"Barbara Buono was part and parcel of the policies and decisions that brought New Jersey to the brink of catastrophe," Roberts said in a statement, noting the taxes and fees she oversaw as budget chair. "That's her record, which is why she isn't talking about it and why she isn't gaining traction."
Buono wasn't the first choice for Democrats. They had held out hope that Newark Mayor Cory Booker would run against Christie, 50, but he decided to pursue a U.S. Senate bid instead. Buono says she would have run whether Booker got in.
Despite the increasingly nasty race, Buono says she still has time to increase her name recognition and gain in the polls calling Christie's high polling numbers "artificially inflated" in the "aftermath of Sandy," saying "that's a good thing that people came together and helped one another, to rebuild after Sandy."
"As I've been out on the trail, as they say, and talking to voters. Every time I meet people it just seems as though my message is resonating, my vision for New Jersey to restore the promise and the hope that really was what New Jersey was all about when I was growing up," Buono said.
"As I get out there and increasingly connect with voters in a very grassroots campaign, that gap will close," Buono explained of polls and gap in name recognition. "This governor has made the wrong decisions to bring back the New Jersey that I grew up in."
Besides the polling disparity, there is a big fundraising difference as well. Christie has raised $6.5 million to Buono's $2.3 million, which includes more than $1 million in privately raised funds and then the rest in state matching funds.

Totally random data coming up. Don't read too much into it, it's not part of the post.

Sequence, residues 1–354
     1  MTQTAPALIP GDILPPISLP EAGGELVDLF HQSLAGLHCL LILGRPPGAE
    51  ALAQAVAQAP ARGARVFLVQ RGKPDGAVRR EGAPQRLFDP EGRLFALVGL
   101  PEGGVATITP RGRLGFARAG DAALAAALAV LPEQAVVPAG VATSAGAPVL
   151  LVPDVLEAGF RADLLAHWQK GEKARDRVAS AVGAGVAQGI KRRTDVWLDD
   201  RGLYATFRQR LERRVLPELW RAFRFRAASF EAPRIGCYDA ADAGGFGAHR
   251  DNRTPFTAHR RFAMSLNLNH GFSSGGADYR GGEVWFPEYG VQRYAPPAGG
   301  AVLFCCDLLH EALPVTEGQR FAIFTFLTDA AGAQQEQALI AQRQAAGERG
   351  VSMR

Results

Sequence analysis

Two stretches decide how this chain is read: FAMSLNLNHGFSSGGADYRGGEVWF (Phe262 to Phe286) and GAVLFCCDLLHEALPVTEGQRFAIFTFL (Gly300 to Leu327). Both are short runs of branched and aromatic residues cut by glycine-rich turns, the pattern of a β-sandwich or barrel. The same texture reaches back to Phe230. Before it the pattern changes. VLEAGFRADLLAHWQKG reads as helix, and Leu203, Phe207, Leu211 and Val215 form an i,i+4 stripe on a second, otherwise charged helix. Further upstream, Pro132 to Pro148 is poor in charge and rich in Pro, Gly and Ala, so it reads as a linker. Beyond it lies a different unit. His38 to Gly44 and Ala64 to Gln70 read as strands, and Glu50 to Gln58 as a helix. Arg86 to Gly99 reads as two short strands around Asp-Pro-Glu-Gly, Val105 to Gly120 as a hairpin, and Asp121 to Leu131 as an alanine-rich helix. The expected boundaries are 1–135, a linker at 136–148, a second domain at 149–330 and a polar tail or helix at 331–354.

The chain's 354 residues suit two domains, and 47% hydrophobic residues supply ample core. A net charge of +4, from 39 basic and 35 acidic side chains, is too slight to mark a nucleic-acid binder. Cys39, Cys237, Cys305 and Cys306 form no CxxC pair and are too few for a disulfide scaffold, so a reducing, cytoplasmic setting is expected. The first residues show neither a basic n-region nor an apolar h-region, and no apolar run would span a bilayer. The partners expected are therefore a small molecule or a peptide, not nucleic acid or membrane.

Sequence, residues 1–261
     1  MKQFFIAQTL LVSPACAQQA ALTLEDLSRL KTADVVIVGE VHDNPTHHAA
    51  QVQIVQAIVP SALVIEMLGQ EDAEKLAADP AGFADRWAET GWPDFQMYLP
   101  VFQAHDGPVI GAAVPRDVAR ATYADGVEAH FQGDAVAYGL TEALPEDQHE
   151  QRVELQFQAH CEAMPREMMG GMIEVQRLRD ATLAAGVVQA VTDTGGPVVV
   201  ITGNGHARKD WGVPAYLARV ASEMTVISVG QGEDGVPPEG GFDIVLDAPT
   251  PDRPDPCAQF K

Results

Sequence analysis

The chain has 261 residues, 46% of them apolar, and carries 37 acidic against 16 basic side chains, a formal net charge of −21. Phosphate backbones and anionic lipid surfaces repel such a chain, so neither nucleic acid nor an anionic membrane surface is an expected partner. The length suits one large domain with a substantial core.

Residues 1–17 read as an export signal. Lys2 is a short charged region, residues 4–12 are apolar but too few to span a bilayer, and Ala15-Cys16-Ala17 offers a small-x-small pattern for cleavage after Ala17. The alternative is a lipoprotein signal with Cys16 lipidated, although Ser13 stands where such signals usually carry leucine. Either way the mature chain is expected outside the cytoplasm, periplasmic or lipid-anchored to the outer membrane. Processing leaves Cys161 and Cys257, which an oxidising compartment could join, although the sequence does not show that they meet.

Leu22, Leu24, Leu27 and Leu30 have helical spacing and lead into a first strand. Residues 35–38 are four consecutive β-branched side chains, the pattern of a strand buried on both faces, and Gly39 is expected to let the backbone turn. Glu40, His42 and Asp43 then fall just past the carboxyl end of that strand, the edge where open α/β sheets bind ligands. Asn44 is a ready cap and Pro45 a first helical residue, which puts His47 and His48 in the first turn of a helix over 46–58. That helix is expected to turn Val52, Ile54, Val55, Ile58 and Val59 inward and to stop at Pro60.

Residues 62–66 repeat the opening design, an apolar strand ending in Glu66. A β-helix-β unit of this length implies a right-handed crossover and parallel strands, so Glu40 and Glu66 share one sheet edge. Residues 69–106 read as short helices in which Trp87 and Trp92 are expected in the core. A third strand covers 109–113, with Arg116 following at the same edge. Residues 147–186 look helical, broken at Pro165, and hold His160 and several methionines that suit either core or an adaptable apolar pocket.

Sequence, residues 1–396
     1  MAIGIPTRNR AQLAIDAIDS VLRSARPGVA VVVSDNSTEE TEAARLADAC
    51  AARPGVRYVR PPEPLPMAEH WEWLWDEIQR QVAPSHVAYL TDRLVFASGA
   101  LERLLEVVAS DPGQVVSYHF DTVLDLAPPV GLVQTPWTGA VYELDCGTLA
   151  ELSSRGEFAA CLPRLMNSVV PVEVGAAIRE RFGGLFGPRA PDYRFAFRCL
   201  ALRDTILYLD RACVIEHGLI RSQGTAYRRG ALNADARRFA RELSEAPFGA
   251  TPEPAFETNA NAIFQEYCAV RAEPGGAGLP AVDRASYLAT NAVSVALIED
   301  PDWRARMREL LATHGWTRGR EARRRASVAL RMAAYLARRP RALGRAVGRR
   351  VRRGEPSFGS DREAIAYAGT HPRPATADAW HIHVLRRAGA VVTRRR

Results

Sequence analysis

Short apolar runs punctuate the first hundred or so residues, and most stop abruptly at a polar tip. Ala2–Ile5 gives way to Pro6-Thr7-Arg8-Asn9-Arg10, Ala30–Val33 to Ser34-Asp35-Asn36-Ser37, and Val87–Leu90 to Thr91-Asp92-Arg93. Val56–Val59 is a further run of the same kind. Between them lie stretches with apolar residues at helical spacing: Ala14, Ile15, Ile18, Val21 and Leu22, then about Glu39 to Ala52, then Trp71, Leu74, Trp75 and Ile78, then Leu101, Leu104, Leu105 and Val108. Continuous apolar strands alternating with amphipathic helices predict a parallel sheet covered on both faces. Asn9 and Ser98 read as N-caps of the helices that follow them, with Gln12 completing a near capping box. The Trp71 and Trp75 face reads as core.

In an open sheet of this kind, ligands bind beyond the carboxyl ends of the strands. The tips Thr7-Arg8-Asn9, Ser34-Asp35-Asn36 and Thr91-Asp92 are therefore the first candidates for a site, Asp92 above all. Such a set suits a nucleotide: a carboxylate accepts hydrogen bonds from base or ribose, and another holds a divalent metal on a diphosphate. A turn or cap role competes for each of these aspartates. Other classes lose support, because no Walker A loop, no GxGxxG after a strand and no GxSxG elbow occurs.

Buono said she will be "competitive financially," but noted that having the same amount of money doesn't always matter in New Jersey.
"Chris Christie was outspent three-to-one by Gov. Corzine and we saw how far that went," Buono said. "This governor does have a national persona; he's spent a lot of time outside of New Jersey for three years, criss-crossing back and forth in pursuit of really his national ambitions and so the fact that he is known on a wider, a broader scale than just in New Jersey has focused national interest on the campaign."
Buono has been endorsed by and getting help from national liberal groups like Democracy for America and Emily's List, as well as the Democratic Governors Association and the Democratic National Committee. Although most won't comment on how much money they are willing to dump into the uphill battle, it's clear that it's not just about this race and they are looking toward 2016.
DFA, Howard Dean's liberal PAC, officially backed Buono last week and although it has no plans to put money behind the endorsement, it says the official backing is more "about activating our boots on the ground in the state."
Emily's List, known for backing female candidates who support abortion rights, is helping to draw attention to the race, as well sending out fundraising emails. It wouldn't comment on any financial help.